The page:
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The Power of Solitary Prayer

18 14 1
06.04.2020

An elderly man wearing a white skullcap walked alone across a large square in pouring rain. Not far from the entrance to the house of worship, he stopped, lifted his eyes to the heavens and prayed. This happened neither in Bnei Brak nor in Jerusalem, but rather in Vatican City, in Rome.

Pope Francis chose, in light of the circumstances, to invoke for the crowd of believers the most solemn prayer in the calendar of the Catholic Church: Urbi et Orbi (in Latin: For the City and the World), which in normal times is reserved only for Christmas, Easter and the day a new pope is elected. He did this by himself, in St. Peter’s Piazza, which is synonymous with the tens of thousands of worshippers crowding into it throughout the year. This time, however, in the days of the coronavirus and social distancing, the pope stood alone, prayed and blessed.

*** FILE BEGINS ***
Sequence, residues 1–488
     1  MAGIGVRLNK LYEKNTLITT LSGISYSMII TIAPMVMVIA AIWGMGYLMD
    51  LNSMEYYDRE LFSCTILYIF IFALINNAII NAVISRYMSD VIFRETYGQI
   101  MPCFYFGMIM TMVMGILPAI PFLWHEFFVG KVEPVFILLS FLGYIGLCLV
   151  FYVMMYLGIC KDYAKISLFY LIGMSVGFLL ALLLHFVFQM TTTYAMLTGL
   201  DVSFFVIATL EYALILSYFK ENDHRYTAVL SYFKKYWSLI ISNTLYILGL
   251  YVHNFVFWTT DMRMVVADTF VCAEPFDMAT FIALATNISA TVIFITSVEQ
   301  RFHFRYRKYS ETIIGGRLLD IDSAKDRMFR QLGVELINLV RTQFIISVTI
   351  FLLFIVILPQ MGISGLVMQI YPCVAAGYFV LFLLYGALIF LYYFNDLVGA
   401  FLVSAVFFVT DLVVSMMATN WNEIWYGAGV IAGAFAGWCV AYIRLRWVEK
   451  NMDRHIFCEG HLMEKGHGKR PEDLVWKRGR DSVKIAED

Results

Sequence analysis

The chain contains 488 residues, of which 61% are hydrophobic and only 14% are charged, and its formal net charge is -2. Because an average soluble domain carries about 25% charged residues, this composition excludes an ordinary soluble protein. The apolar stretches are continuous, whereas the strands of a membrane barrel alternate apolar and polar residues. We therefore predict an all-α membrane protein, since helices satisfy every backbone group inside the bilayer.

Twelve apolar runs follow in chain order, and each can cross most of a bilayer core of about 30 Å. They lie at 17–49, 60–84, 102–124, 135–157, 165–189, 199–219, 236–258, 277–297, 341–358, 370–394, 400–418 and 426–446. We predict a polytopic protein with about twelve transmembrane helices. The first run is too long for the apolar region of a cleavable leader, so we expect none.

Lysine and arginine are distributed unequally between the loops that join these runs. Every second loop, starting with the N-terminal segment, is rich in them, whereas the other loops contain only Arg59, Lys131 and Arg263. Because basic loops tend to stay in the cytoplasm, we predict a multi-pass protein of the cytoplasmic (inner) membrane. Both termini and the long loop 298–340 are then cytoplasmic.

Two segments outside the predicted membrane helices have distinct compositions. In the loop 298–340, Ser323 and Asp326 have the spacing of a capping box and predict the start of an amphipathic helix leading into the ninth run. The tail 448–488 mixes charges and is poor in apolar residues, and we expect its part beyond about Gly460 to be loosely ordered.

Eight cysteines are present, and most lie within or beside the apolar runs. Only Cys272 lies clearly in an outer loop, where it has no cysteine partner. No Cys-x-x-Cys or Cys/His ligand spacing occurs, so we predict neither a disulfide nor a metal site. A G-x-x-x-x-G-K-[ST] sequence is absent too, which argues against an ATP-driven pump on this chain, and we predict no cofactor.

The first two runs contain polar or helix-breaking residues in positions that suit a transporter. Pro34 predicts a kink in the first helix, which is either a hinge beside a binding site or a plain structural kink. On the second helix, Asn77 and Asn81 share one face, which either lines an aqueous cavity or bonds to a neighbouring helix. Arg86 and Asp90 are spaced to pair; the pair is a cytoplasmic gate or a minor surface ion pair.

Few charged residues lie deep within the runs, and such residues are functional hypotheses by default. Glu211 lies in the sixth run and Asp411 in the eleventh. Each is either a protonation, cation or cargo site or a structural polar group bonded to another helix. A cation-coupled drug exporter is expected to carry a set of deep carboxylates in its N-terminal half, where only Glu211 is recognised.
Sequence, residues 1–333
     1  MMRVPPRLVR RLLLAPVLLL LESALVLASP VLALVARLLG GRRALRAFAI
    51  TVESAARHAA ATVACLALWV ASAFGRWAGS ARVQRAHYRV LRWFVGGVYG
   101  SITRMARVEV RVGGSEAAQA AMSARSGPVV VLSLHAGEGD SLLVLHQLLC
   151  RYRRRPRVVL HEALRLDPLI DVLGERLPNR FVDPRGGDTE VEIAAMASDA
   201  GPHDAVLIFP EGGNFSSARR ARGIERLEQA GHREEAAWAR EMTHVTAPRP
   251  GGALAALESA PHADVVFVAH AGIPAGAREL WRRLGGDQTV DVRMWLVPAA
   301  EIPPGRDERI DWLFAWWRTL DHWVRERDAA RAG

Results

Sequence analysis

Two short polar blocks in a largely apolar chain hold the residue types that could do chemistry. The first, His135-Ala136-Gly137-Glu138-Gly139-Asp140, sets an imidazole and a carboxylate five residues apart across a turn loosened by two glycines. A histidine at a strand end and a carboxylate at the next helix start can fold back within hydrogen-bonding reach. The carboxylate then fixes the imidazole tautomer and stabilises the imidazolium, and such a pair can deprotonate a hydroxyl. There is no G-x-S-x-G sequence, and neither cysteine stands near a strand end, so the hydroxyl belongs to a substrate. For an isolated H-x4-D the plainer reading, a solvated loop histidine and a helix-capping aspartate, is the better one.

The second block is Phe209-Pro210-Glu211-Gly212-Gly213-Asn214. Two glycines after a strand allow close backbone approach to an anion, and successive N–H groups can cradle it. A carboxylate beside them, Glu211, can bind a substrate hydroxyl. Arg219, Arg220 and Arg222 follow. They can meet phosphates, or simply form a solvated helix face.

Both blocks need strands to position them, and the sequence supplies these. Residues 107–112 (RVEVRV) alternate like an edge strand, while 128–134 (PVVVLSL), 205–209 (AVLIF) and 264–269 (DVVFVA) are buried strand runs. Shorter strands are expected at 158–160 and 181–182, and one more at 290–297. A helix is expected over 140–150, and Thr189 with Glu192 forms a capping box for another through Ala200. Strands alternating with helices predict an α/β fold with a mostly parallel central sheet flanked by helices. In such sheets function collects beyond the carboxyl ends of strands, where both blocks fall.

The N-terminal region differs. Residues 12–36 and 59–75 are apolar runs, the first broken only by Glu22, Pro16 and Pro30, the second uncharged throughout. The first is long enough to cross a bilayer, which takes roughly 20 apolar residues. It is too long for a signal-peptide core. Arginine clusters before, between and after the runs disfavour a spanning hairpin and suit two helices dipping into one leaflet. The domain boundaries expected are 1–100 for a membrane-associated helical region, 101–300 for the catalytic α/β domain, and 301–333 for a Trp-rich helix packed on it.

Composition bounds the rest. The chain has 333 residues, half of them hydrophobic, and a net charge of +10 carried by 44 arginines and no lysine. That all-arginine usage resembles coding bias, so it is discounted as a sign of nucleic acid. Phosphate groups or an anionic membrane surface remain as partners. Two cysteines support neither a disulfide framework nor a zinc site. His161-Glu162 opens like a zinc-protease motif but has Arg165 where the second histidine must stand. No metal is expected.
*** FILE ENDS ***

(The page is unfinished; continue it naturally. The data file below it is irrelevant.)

The contrast between the vast space planned by Roman Baroque artist Gian Lorenzo Bernini and the pope’s solitary worship was stunning. In the 17th century, Bernini designed an elliptical plaza, bounded by two rows of huge........

© Haaretz